Photo: Signs for the Davidson County Election Commission at the Metro Southeast Facility, a complex of Metropolitan Nashville Government office.
Photo Credit: Vivian Jones / The Center Square
Published May 18, 2021
By Vivian Jones [The Center Square contributor] –
A referendum election on reforms to limit Nashville’s property tax rates, end lifetime benefits for public employees and make it easier for officials to be recalled is again held up in court.
Davidson County election commissioners voted last week to send the Nashville Taxpayer Protection Act to voters in a special election July 27. In response, the Metropolitan Government and a Nashville business PAC filed a lawsuit. Election commissioners voted, 3-2, on Thursday to ask a judge to decide whether an alternative proposal from the Metro Council to maintain the Metro Charter should go to voters.
The Nashville Taxpayer Protection Act, written by attorney Jim Roberts, is a slate of six reforms to the Metro Charter, on which 12,398 Davidson County voters have petitioned to hold a referendum election.
Sparked by Nashville’s 34% property tax increase last year, voters petitioned for a referendum on a similar set reforms in 2020, and election commissioners, represented by Nashville School of Law Dean Bill Koch, asked a judge to decide whether an election should be held. Mayor John Cooper called the effort a “poison pill,” and threatened to cut city services such as trash pickup, school budgets and first responder staffing. After a trial last fall, Chancellor Ellen Hobbs Lyle ruled the proposal was unconstitutional and prohibited an election.
The 4 Good Government group, led by Roberts, decided to try again. Roberts again collected more than 14,000 signed voter petitions and delivered them to the Metro Clerk in March. After comparing them with voter signatures on file, Election Commission staff verified 12,398 signatures.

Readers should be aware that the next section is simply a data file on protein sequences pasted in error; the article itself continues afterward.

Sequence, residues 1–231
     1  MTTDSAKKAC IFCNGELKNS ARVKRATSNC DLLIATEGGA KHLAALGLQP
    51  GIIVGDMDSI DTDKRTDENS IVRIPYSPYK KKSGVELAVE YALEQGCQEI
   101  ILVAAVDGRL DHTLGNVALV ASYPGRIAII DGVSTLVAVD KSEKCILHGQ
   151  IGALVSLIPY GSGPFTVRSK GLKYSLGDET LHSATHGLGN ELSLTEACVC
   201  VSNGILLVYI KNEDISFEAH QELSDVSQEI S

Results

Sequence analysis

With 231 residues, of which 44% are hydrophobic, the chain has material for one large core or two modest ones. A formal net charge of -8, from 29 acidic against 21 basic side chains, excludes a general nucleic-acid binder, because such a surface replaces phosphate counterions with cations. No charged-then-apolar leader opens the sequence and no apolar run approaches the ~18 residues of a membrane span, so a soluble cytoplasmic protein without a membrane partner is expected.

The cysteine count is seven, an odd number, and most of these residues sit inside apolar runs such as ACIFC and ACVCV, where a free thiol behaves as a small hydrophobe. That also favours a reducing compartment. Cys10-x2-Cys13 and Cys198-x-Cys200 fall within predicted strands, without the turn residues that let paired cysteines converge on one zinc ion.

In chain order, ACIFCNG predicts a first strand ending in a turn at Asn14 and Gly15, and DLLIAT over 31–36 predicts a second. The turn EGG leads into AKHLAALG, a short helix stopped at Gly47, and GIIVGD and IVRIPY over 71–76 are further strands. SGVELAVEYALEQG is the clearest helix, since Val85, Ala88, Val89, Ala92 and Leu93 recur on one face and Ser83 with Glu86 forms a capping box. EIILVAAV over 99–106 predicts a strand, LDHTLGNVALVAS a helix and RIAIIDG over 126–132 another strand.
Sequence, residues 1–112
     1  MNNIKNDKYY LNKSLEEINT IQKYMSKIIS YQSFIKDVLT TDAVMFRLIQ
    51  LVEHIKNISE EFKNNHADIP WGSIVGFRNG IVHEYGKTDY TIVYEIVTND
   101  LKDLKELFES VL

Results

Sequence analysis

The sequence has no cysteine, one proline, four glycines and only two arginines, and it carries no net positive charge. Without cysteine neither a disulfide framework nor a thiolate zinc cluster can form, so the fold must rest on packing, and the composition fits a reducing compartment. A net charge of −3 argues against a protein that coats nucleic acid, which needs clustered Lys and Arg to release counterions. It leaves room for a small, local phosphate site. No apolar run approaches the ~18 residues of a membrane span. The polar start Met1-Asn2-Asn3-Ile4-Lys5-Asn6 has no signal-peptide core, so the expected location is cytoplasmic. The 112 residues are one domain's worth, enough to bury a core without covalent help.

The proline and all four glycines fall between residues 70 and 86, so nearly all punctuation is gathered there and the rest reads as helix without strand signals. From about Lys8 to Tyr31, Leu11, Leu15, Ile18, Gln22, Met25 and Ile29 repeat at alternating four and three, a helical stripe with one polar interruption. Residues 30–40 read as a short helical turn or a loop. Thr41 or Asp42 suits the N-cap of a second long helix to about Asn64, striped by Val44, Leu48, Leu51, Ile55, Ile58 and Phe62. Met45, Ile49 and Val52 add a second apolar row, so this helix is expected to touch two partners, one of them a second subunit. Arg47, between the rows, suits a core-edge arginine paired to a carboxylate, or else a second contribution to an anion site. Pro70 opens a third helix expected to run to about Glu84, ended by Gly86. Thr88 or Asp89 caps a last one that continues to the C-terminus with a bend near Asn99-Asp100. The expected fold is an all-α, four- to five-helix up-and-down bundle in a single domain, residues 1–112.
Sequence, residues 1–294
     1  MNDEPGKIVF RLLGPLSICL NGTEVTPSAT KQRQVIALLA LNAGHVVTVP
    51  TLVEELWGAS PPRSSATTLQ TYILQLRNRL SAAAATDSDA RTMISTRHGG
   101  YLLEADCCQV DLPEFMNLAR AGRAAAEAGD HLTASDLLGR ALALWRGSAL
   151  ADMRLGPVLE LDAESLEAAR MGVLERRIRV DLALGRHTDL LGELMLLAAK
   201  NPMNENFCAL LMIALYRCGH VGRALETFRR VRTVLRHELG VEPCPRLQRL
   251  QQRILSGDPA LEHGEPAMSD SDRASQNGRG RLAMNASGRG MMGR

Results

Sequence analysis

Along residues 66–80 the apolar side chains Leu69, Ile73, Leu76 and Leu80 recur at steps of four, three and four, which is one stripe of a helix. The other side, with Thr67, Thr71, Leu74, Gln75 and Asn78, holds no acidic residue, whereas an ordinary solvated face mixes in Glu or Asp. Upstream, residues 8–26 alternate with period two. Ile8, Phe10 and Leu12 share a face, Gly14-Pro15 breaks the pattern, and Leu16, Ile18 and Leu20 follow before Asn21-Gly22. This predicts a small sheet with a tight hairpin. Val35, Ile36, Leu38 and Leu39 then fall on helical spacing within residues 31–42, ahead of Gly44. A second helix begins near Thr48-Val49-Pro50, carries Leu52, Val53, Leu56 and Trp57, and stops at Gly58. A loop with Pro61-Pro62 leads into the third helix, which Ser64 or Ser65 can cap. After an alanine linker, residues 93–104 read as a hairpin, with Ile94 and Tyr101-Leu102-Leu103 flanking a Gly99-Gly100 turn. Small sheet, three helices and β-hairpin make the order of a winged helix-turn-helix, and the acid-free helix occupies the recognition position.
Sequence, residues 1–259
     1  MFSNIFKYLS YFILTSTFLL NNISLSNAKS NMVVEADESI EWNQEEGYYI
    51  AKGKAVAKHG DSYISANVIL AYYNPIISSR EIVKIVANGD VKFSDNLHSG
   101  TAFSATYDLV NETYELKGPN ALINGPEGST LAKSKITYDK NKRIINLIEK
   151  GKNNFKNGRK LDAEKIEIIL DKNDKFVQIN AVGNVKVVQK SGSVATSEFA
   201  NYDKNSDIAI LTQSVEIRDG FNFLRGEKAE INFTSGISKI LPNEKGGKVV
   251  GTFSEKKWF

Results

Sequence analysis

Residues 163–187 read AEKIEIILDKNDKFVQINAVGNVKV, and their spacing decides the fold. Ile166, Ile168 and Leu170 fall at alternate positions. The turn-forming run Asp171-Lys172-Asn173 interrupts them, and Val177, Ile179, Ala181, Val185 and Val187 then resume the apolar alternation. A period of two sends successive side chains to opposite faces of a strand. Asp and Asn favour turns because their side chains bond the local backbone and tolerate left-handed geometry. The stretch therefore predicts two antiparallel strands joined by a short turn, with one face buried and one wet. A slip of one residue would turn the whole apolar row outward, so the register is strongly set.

Before the Davidson County Election Commission’s first organizational meeting with two new members, Metro’s Department of Law retained Koch to represent the Election Commission. Commissioners found Metro’s retainer created a conflict of interest for Koch and voted to hire new, independent attorneys to advise the commission on the 4 Good Government matter.
Commissioners then had to determine how many signatures are sufficient to trigger a referendum election and whether enough signatures were filed. According to the Metro Charter, signatures equal to 10% participation in the last general election are required to trigger an election. Based on the November election during which a special election was held for a school board vacancy, 31,212 signatures are needed. Based on the August general municipal election, 12,142 signatures are needed.
Metro Legal Director Bob Cooper advised commissioners the November election should be the basis for determining the number of signatures needed. The commission’s new attorney, Vanderbilt Professor of Law Jim Blumstein, advised commissioners the August 2020 election should be the basis.
Commissioners voted unanimously to base signatures needed on the August election and found that sufficient signatures were filed.
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After hearing testimony opposing the petition from a member of the Metro Council, commissioners voted May 10 to send the issue to the public in a special election, to be held July 27.
Mayor John Cooper called the effort an “unconstitutional attempt to sabotage our city using a California-style referendum.”
“Nashville is solving big problems and making big investments in our future,” Cooper said. “The proposed amendment jeopardizes that important work. It threatens our ability to invest in teacher pay, to hire more first responders and to build more affordable housing.”
Less than 24 hours later, the Metro Government filed a lawsuit, claiming the petitioned reforms are unconstitutional, in bad form and insufficient signatures were filed. Separately, the Nashville Business Coalition, a pro-business PAC, also filed a lawsuit, asking for a judge to prohibit an election from taking place.
The Metro Council unanimously voted last month to offer its own proposal for a public referendum that would maintain the parts of the Metro Charter affected by the 4 Good Government petition. Commissioners voted Thursday evening to ask a judge whether the Council’s proposed amendment should go to voters.